Ensuring HOA board members are educated and informed about state and local regulations is an important aspect of the value we provide to our clients. Understanding new and upcoming law changes helps homeowners association boards see the whole picture when making decisions and ensures they act within the association’s legal rights.
In addition to new board orientation sessions, treasurer training, and Community Associations Institute (CAI) summits, we also release informative webinars and other video content with guidance from our management experts and legal counsel to help associations ascertain the impact of new laws on HOA management.
The events of 2020 presented homeowners associations with unprecedented logistical and social challenges, some of which are reflected in new legislation. Here are some of the key laws affecting associations set to go into effect in the coming year:
Rental Restrictions (AB 3182)
The new law voids provisions in an association’s governing documents that prohibit or “unreasonably restrict” renting. However, there are two key exceptions: an HOA can disallow short-term rentals of 30 days or less and can limit the total number of rentals in their community to 25% (but not less). Associations have until December 31, 2021 to change their governing documents to reflect this law. Failure to abide or update governing documents can result in a fine of $1,000.
The Debt Collection Licensing Act (SB 908)
Debt collectors working on behalf of an association must now be licensed under the Debt Collection Licensing Act. All individuals representing the association’s interests during the process of delinquent assessment collections – the HOA management company, association’s legal counsel, or third-party collections vendors, etc. – must now be licensed by the state. It is important to ensure any party who participates in your association’s collection process is properly licensed. Fees for your collection partners may raise as they offset the cost of licensing their teams.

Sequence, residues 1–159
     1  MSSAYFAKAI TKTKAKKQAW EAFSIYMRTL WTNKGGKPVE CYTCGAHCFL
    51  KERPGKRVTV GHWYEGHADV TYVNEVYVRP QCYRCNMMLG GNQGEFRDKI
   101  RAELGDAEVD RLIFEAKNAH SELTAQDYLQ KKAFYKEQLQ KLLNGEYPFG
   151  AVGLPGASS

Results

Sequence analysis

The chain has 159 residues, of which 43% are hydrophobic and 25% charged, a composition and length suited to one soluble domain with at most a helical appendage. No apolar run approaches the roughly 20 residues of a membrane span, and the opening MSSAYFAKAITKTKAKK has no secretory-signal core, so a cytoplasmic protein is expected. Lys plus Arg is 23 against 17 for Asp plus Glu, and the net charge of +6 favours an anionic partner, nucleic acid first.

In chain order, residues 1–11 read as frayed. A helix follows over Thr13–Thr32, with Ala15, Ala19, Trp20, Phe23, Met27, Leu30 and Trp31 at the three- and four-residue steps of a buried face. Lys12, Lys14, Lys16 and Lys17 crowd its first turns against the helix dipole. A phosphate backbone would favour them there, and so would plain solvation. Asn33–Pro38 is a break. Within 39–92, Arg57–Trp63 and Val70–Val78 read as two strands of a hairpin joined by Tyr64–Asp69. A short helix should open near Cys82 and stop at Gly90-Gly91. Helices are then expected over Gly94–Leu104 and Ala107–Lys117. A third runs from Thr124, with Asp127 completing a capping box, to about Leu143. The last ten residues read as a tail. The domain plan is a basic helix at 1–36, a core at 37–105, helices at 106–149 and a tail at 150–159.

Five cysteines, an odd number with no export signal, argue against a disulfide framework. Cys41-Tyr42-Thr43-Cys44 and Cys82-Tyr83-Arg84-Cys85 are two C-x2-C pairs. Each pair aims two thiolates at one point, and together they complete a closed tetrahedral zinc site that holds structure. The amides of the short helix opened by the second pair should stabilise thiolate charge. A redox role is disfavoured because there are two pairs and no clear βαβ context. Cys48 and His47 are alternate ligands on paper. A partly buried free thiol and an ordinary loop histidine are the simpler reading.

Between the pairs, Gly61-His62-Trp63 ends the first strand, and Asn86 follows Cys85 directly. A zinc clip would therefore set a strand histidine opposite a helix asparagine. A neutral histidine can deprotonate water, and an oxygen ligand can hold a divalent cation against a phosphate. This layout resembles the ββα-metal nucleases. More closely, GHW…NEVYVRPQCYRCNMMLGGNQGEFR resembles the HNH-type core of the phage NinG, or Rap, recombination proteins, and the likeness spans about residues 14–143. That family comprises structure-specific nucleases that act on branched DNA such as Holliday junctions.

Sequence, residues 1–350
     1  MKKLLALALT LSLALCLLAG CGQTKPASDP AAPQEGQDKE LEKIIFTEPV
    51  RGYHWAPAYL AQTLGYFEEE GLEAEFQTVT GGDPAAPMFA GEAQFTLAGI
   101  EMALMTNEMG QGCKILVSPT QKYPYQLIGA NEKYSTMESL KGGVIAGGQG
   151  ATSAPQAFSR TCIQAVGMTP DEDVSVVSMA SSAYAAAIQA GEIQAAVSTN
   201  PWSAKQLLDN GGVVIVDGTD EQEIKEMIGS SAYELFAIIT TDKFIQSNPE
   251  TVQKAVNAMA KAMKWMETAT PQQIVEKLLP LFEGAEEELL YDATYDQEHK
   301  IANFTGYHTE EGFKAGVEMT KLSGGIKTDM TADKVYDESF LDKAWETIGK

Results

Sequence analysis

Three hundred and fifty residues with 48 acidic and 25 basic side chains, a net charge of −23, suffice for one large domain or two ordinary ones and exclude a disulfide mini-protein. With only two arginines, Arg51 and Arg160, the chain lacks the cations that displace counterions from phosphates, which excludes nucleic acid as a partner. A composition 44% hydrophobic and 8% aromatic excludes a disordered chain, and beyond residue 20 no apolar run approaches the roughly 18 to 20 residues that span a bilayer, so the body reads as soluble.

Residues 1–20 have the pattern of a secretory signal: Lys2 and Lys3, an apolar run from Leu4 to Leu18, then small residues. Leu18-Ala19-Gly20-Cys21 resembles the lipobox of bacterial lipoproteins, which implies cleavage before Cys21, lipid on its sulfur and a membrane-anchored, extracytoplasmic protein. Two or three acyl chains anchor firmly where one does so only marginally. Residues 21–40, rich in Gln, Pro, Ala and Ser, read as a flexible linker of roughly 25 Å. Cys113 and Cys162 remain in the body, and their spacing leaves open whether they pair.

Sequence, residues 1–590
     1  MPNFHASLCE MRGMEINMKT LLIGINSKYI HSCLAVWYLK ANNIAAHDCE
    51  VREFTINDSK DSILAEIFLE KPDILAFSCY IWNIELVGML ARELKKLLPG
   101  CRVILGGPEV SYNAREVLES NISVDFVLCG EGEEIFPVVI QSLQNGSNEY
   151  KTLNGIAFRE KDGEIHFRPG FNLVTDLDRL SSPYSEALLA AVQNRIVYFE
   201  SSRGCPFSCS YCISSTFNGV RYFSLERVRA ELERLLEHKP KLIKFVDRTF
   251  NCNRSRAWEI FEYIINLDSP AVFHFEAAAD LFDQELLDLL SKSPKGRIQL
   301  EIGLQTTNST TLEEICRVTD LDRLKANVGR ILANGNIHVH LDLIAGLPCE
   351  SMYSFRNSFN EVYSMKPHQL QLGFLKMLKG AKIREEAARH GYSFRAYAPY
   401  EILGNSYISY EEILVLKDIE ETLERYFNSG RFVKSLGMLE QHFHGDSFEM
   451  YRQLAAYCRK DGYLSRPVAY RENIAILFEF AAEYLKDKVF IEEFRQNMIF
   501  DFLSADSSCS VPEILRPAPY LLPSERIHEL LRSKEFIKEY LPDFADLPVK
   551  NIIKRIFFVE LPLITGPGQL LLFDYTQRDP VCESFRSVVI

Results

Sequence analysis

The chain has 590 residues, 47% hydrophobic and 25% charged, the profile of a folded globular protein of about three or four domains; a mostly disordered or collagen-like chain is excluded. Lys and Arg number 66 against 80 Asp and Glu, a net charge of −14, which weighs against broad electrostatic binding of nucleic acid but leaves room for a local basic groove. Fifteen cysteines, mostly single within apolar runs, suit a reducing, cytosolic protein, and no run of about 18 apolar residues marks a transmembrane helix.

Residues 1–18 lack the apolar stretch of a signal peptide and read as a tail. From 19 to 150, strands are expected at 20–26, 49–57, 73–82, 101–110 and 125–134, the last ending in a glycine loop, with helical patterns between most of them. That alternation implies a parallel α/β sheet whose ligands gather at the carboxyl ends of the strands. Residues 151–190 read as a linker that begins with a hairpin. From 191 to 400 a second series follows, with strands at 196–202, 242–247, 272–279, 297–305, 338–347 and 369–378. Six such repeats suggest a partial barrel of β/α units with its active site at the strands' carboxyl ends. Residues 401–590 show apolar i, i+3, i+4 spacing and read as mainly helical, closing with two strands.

The COVID-19 Tenant Relief Act of 2020 (AB 3088)
This immediate, emergency relief measure temporarily prevents evictions due to COVID-19-related financial hardship through January 2021. The bill also postpones landlords’ ability to recover rents until March 2021. The bill does not forgive or cancel payment obligations; it simply prevents evictions and postpones rent recovery through the first quarter of 2021.
This law applies only to residential tenants who can prove, in writing, any of the following as directly related to COVID-19: loss of income, higher out-of-pocket expenses related to performing essential work or impacted health, responsibilities to care for children, elderly, disabled, or sick family member that resulted in income limitations, or other coronavirus-related issues that reduced income or increased expenses.
This issue may affect homeowners in an association who are unable to pay assessments if their tenants have temporarily paused rent payments.
Exterior Elevated Elements in Condominium Associations (SB 326)
Condo associations with three or more units are now required to have a licensed structural engineer inspect the building’s exterior elevated elements (balconies, elevated walkways, railings, stairways, etc.) every nine years. Associations must conduct their first inspection by January 1, 2025.
Work with your HOA management company to begin the engineer RFP process and restructure your association’s reserve allocation to address the additional expense of inspection and possible required upgrades.
Debtor Homestead Exemption (AB 1885)
The homestead exemption provision in AB 1885 protects owners’ equity in their homes by preventing creditors from collecting up to a certain dollar amount upon sale after foreclosure. In California, nonjudicial (lender) foreclosures may receive a homestead exemption of $75,000, $100,000, or $175,000, depending on certain owner circumstances. This exemption extends protections for delinquent homeowners whose properties are subject to foreclosure from their HOA.
Contact your legal counsel to ascertain the level of impact this new law will have on your community’s foreclosure/assessment collections process.
The time to begin is now
As 2021 dawns, we strongly recommend reviewing your association’s governing documents with your community association manager and HOA’s legal counsel. Discuss the pros and cons of these new laws and start taking action to ensure that when these legislative updates are in full effect, your association will be prepared to comply.